Thus, if summer turned to winter (a perplexing process, if you think about it) it was because Persephone returned to her husband Hades, thus making her mother Demeter, the goddess of fertility and grain, so sad that she turned the earth barren for half a year. If somebody went into a rage and killed innocent people, it was because a jealous god or goddess possessed him temporarily (eg, Hera possessing Hercules). And so on.


But, starting about 200 years before Socrates’ trial, some (mainly Ionian) Greeks rejected these mythological explanations and tried to use direct observation of nature (physis in Greek, as in physics) and reason (logos) to explain the world.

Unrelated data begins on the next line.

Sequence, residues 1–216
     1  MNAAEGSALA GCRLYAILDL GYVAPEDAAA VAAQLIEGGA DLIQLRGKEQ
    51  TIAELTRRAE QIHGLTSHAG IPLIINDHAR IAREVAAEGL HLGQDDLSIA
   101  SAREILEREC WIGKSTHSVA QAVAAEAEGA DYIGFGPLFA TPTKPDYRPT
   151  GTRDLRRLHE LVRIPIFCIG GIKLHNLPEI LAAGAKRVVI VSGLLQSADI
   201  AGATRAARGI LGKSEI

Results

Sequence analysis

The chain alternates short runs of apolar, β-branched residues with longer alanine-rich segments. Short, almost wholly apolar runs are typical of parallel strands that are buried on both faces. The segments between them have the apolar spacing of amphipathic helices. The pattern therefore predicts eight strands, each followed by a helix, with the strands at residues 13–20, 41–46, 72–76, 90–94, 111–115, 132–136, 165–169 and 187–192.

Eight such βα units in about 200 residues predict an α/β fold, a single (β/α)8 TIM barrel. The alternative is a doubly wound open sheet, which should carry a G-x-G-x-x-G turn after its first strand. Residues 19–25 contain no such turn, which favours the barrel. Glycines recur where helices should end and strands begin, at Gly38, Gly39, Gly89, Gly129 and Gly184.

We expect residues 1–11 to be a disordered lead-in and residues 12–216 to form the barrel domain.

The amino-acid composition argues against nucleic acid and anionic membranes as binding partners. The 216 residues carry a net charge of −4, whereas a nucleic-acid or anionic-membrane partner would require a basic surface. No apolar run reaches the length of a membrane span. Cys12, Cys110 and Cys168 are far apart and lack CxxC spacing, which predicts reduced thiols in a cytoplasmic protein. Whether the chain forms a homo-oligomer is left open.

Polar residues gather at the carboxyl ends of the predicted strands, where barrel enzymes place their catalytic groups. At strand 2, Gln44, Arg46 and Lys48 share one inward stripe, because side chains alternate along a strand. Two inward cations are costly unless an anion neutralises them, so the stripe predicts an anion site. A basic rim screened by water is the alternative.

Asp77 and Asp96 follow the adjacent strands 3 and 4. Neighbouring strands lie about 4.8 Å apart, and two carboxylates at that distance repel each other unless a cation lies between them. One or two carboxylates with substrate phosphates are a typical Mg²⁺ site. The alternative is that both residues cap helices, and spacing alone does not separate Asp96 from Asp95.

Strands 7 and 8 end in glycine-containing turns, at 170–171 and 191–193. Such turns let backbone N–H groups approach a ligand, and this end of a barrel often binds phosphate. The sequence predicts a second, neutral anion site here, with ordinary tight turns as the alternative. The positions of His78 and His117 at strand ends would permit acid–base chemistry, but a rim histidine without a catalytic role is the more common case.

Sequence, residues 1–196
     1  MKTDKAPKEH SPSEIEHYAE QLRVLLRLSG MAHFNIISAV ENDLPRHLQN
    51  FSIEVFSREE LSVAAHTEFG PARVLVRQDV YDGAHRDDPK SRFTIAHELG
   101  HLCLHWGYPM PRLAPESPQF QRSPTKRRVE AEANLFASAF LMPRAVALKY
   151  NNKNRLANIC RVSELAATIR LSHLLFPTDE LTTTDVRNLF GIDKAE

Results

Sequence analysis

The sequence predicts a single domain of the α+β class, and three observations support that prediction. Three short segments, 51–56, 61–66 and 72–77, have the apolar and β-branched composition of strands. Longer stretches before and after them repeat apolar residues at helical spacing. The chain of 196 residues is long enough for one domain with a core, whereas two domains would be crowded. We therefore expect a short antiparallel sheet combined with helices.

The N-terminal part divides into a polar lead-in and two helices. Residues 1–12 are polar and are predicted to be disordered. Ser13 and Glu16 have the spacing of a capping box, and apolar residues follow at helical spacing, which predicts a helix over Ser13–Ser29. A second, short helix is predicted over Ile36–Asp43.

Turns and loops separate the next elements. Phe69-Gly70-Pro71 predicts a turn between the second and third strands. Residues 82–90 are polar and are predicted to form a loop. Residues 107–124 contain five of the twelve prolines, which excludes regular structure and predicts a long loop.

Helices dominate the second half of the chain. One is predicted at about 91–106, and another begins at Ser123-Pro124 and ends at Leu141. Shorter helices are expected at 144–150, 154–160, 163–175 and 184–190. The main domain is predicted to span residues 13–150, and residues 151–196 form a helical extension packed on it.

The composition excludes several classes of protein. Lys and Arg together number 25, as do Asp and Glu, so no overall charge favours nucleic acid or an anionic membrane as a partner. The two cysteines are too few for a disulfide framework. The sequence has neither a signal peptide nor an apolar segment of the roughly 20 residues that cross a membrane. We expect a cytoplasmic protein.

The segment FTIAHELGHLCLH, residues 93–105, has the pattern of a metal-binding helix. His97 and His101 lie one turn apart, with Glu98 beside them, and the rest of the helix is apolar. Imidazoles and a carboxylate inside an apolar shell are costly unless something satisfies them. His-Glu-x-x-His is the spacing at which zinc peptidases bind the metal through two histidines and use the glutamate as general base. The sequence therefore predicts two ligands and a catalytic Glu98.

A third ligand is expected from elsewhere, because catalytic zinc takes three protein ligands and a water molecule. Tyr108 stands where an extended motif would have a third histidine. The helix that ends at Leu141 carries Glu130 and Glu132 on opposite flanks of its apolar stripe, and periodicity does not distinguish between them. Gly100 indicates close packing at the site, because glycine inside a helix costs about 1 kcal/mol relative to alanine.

These were the so-called “pre-Socratics”, such as Thales, Anaximander, Pythagoras and Heraclitus. They wanted to know what things were ultimately made of (fire, earth, water, etc) and how they changed. They wanted to understand the world better and differently.

So they ignored the gods. I don’t think they boycotted temples and sacrifices and other fun cultural activities, just as even Richard Dawkins today might sing along to Rudolph the Red-Nosed Reindeer. But the gods ceased, for them, to explain anything. In that sense, you might say, using a modern term, that they were atheists.

Pre-Socratic Socrates

Now let’s talk about Socrates. The first thing to know about him, as silly as it sounds, was that he spent the first half of his career as a pre-Socratic philosopher. (Obviously, “pre-Socratic” is a term we invented, not the Greeks). This is to say that he also tried to do “science”, to inquire into the nature and causes of the physical world and its phenomena.